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Distribute the icing evenly over your cake crumbs then mix it in. I use the back of my spoon for a smashing motion until the mixture binds together.

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This is what the mixture looks like after mixing with the back of the spoon.

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Use your scoop to get enough mixture for a well-rounded ball. Use your hand to round out the top of the mixture into the ball shape. This ensures your pops have a uniform size.

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Place the mixture into your clean hand. Tip: Clean your hands frequently and keep them lightly moistened with water. This helps to get a smooth exterior on the cake balls.

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Roll the ball between cupped hands applying firm and then gentle pressure. Do this until you are pleased with the shape of the cake ball.

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Continue until your mixture is done. Place the cake balls on your parchment-lined cookie sheet as you go.

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The finished cake balls look like this.

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Cover them with plastic wrap and foil and refrigerate them for at least 4 hours in the refrigerator. Tip: If you’ve had problems with your cake balls falling off the sticks, they may not have been firm enough. Build time into your schedule so they can refrigerate overnight. This will help them firm up before the dipping process.

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Step 3: Dipping the pops
For this step you will need:
Chilled cake balls
Microwave-safe bowl
Spoon
Foil-covered foam block
Skewer for making guide holes
Lollipop sticks
Candy color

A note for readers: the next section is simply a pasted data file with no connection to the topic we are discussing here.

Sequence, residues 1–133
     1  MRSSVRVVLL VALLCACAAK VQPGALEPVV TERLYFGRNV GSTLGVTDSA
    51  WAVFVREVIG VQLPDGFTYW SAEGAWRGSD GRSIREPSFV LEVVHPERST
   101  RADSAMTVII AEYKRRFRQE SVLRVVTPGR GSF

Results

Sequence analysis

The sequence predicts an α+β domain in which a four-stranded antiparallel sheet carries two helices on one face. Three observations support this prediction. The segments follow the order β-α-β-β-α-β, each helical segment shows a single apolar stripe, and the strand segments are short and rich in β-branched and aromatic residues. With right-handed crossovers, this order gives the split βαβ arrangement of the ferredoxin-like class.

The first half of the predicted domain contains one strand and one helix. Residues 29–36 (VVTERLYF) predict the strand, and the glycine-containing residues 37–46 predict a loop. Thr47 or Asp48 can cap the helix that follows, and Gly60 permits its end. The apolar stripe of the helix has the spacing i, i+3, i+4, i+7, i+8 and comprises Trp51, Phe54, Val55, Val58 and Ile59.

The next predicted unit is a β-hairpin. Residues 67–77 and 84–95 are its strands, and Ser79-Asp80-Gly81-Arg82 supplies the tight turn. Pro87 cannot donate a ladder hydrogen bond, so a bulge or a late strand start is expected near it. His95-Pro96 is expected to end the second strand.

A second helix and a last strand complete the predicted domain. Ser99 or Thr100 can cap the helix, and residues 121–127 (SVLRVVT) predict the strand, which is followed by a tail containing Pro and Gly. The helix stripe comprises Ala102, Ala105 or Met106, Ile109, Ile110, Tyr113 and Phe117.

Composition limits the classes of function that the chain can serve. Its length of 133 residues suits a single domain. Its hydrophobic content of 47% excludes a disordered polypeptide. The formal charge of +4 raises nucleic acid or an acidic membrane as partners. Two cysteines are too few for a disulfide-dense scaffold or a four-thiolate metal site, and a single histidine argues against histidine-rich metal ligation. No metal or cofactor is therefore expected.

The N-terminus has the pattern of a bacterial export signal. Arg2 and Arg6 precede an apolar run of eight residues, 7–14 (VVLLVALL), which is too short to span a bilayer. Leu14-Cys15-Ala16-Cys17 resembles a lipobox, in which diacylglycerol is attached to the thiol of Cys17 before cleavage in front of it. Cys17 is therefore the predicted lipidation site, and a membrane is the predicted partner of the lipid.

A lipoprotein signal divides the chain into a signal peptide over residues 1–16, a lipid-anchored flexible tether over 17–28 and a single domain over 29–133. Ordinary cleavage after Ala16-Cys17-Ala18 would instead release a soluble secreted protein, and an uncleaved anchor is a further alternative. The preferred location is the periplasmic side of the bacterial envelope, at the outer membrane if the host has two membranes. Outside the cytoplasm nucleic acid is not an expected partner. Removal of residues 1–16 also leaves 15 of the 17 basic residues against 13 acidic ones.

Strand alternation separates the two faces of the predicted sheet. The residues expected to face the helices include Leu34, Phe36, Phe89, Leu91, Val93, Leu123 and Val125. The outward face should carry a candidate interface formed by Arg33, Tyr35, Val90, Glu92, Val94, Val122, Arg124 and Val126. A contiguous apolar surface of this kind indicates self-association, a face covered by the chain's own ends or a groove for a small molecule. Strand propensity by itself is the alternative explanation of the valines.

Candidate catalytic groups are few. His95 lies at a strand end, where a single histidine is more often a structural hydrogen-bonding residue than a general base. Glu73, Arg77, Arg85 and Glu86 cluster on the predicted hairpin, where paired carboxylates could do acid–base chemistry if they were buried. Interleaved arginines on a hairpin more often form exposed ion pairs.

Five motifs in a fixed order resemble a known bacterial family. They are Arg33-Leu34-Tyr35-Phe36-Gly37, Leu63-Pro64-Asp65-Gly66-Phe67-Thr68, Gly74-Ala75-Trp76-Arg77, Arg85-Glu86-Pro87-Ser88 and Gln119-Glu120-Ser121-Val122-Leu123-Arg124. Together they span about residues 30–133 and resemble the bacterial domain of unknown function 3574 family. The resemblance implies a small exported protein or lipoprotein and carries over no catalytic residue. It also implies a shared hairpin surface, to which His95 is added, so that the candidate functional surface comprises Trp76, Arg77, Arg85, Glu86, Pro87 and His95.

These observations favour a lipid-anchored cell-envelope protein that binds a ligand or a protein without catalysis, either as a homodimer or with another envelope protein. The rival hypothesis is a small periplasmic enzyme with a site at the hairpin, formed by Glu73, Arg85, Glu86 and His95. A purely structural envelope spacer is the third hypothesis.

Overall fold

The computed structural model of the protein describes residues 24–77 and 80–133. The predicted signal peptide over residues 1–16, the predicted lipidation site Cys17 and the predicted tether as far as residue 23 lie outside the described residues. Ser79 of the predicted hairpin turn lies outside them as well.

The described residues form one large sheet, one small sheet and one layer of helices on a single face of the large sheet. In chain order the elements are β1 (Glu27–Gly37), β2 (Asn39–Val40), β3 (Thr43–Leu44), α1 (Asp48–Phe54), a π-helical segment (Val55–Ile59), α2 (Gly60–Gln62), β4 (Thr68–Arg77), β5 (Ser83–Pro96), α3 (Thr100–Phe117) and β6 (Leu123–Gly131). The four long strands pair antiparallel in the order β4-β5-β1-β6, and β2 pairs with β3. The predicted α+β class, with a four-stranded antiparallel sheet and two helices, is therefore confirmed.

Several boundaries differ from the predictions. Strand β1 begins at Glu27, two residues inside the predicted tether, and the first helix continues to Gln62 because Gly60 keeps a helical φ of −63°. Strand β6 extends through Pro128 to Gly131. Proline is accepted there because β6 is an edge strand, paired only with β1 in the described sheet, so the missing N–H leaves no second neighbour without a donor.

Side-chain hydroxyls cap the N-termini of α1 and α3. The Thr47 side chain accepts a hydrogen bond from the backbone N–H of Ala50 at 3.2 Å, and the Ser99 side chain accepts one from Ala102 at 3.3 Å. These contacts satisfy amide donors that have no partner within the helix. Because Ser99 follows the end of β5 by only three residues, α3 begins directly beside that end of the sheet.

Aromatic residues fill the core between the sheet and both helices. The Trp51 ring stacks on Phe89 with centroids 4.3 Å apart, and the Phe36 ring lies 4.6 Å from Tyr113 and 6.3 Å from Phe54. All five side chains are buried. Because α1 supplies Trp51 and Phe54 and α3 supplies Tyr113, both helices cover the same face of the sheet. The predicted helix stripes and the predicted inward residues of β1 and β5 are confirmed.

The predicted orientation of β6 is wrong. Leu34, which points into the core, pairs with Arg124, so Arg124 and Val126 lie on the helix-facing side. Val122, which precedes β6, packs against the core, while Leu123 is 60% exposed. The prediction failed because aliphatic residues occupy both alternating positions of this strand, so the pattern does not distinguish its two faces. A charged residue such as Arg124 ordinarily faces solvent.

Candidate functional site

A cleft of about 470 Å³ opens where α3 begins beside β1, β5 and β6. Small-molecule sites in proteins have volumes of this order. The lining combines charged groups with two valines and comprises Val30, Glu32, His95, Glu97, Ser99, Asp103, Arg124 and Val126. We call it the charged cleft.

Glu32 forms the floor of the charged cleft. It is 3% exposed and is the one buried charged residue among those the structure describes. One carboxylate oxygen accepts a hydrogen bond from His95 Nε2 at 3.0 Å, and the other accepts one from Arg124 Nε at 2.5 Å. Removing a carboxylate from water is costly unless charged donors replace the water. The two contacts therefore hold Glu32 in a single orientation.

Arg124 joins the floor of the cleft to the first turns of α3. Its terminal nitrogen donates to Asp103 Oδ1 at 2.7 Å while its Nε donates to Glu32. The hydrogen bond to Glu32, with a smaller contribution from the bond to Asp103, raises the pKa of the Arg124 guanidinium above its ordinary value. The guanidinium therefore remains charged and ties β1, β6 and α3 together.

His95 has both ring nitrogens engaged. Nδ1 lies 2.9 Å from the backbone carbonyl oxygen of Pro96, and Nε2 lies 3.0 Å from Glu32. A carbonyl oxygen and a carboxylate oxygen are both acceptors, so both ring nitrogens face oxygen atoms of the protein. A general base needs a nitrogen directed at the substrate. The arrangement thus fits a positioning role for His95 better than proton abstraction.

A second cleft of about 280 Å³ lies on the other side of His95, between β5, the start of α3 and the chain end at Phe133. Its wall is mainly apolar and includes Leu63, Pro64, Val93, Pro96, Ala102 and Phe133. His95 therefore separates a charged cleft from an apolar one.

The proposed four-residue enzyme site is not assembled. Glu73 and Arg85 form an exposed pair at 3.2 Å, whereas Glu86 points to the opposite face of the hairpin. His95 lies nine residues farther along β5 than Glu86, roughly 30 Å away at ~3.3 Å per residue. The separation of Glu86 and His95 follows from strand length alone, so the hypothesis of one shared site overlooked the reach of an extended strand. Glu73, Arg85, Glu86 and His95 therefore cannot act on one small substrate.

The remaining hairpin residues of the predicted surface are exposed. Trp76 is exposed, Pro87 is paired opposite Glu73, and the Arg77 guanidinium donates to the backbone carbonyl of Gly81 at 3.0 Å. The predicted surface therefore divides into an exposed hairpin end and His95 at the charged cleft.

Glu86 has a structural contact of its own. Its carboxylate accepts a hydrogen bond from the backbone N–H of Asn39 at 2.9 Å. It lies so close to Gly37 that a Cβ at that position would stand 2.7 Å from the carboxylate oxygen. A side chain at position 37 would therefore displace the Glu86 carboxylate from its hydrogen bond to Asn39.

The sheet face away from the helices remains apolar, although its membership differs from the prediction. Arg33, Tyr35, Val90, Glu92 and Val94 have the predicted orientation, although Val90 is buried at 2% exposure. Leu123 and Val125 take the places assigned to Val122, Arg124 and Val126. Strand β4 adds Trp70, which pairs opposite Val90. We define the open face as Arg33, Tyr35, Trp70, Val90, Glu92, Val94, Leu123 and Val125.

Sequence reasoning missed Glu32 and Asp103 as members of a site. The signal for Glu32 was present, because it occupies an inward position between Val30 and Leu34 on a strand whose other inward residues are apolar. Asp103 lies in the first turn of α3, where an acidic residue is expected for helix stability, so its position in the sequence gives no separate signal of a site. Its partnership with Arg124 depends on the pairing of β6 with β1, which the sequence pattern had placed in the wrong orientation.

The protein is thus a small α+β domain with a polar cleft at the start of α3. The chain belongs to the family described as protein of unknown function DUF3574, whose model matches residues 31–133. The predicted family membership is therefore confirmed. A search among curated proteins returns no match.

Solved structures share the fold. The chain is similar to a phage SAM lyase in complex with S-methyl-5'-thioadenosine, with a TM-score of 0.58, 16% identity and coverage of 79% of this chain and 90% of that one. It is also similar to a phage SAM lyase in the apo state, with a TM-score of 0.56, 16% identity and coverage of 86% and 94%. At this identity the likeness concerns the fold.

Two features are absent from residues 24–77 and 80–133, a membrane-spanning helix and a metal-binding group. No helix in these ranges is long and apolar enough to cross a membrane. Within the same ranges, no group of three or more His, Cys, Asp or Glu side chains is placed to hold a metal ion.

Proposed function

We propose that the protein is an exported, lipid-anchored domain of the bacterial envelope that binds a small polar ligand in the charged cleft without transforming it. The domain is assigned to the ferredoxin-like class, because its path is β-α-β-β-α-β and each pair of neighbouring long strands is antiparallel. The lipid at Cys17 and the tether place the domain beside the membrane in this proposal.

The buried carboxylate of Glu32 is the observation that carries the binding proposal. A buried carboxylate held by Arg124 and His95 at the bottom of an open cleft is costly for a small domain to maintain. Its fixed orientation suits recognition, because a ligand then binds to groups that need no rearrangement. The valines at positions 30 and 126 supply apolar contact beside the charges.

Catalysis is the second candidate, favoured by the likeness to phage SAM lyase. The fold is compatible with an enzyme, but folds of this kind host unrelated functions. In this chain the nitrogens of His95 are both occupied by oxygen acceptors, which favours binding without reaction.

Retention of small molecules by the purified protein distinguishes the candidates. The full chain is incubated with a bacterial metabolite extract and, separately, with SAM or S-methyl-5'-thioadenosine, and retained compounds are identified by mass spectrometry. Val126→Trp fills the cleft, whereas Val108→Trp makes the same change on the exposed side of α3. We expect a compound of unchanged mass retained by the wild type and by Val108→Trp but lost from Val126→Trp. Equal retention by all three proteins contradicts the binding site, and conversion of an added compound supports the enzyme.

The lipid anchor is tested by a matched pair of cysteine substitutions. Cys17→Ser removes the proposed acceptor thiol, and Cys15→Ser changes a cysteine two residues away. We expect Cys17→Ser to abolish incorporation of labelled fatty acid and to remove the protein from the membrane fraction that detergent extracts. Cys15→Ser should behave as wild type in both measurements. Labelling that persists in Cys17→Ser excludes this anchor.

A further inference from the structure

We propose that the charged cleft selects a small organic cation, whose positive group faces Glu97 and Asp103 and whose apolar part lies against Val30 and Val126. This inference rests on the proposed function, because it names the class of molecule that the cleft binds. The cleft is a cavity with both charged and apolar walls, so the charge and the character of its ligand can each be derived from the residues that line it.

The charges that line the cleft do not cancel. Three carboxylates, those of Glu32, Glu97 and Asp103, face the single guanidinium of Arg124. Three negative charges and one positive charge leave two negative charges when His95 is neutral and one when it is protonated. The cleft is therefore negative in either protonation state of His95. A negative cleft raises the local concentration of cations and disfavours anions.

Candy melts (I use Chocoley Bada Bing Bada Boom Dipping & Enrobing Formula)

 

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Remove the foil from the cake balls and place them in the refrigerator while you prepare the candy melts. I take them out one at a time from the refrigerator as I dip them.

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Place enough candy melts in the bowl so you can submerge each pop straight down into the chocolate and it will be covered to the stick.

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Follow the directions to melt your candy melts.  Unfortunately, the brand of chocolate I use is only available for shipping in the U.S. and Canada. It is a very thin dipping chocolate. It melts to a silky smooth consistency for easy dipping.  Chilling the cake balls and using this chocolate ensure that I never have a cake ball fall off the stick.

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Dip your lollipop stick into the melted chocolate about one inch.

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Push the chocolate-covered end of the stick into the middle of the cake ball.

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Dip your cake pop straight down into the chocolate until it is submerged and the melted chocolate touches the stick. Hold it sideways over the bowl and rotate it slowly as it drips.  Tap the wrist that is holding the pop with the free hand to encourage the chocolate to drip off.

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When it is done dripping, turn it upside down so that any excess chocolate stops dripping. Let it dry like this for a few moments.

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Clean off the excess chocolate on the stick with your finger for a nicer look.

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Pre-drill a guide hole with your skewer before placing each pop into your foam block to dry.